The year was 1974 and Chung Ju-yung had used his mouth to make a promise that would have been tough to deliver on. Ordinarily it wont have been the end of the world but in this case, the person he made the promise to was none other than General Park Chung-hee, strongman of South Korea at the time and all round maximum ruler.
A bit of background – one of the things General Park first did when he seized power was to ‘refurbish’ a special prison where he planned to jail entrepreneurs who didn’t toe the line of national development. General Park wasn’t playing – before he came into office he had already written a book/pamphlet on national development outlining his vision and how South Korea could create a ‘miracle on the Han river’. He had made up his mind he was going to use businessmen to achieve his development goals so he worked out the kind of whip he was going to hold over them.
Korean businessmen were made to sign agreements that contained lines like ‘I agree to forfeit my assets to the government if I do not contribute to national development‘.
Back to Mr Chung. The guy was a born hustler. His parents were dirt poor peasant farmers so he was the archetypal self-made millionaire. He also wasn’t afraid of starting something he knew absolutely nothing about – he started Hyundai without being anything remotely like an engineer or construction expert. General Park’s policy at the time was to support local businesses by protecting them from foreign competition with protectionist policies and giving them loans to expand. But there was a catch.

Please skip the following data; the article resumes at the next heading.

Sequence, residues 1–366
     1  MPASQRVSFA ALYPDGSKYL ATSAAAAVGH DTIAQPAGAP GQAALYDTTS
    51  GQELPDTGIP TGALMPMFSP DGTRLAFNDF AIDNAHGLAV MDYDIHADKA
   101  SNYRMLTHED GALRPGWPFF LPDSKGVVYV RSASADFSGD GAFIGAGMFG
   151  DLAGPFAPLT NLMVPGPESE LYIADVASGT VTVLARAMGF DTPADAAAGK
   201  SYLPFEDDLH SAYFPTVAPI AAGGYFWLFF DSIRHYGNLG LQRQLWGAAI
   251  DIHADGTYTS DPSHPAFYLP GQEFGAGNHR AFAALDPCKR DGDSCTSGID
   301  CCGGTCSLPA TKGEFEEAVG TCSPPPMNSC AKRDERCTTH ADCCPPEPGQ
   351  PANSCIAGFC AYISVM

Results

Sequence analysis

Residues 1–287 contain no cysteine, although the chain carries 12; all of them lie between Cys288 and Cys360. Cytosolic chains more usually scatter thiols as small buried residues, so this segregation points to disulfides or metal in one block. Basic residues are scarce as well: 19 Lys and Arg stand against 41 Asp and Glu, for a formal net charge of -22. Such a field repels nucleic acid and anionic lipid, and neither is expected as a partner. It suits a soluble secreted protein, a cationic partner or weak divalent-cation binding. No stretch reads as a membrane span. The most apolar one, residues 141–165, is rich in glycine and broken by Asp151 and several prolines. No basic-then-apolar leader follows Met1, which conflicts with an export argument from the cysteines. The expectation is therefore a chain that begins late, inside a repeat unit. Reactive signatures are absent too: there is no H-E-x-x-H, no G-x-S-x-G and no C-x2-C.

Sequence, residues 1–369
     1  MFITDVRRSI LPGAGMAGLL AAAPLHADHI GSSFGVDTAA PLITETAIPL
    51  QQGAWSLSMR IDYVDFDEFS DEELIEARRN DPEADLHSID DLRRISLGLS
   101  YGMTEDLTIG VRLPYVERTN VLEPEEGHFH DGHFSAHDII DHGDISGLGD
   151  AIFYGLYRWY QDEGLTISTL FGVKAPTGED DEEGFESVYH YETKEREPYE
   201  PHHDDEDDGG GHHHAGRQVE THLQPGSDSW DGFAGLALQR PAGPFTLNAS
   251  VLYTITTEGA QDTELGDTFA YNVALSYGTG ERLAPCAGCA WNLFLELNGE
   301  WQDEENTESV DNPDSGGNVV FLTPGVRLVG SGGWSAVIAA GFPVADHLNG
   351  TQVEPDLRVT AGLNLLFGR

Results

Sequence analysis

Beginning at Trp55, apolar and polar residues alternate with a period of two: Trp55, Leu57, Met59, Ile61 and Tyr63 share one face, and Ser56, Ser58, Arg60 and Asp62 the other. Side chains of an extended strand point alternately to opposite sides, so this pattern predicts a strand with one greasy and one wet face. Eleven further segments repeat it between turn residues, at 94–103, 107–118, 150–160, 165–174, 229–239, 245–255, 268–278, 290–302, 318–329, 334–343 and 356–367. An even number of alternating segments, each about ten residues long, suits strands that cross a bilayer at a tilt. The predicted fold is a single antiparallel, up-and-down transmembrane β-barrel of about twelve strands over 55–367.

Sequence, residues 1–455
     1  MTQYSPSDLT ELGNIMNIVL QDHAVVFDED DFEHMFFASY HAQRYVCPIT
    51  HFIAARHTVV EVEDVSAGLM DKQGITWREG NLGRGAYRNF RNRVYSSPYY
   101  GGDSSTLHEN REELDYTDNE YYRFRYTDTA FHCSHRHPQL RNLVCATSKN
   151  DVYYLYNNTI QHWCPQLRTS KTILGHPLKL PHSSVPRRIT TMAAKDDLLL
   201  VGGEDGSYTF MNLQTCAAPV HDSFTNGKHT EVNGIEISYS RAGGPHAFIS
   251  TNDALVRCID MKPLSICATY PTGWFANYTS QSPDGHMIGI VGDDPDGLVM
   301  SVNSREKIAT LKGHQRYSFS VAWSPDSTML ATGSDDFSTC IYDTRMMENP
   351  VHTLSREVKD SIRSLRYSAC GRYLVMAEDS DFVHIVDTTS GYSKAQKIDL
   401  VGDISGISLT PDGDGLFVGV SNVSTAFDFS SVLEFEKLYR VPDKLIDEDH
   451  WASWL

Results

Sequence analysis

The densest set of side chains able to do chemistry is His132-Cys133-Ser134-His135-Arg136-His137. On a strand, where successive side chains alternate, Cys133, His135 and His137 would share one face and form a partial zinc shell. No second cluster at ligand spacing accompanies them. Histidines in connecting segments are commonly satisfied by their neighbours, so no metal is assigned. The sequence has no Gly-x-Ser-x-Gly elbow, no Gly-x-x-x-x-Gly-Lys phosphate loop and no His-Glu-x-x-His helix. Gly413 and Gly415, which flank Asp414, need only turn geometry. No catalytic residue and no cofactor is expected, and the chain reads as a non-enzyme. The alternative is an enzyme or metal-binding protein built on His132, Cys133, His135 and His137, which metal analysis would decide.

Once you got government support, you had to export. This was the whip hand that Park held and his main reason for seizing assets or even throwing businessmen in jail. It was absolutely compulsory. You had to agree to export a certain number of whatever products you were manufacturing before you could obtain any government support. Bear in mind, at this time South Korea was a rather poor country and nowhere near what we know today. So if you could get government help to grow your business, it was useful indeed.
In 1974, Mr Chung’s Hyundai had barely started making cars but General Park had decided that he wanted the country to start producing ‘citizen cars’ – they had already had pretty successful policies in the ’60s of making various car parts and kits so it was time for the real deal. This was where Mr. Chung made his crazy promise. He told Park that in his first full year of car manufacturing, 1976, he would export 5,000 cars. At this time he hadn’t manufactured a single car.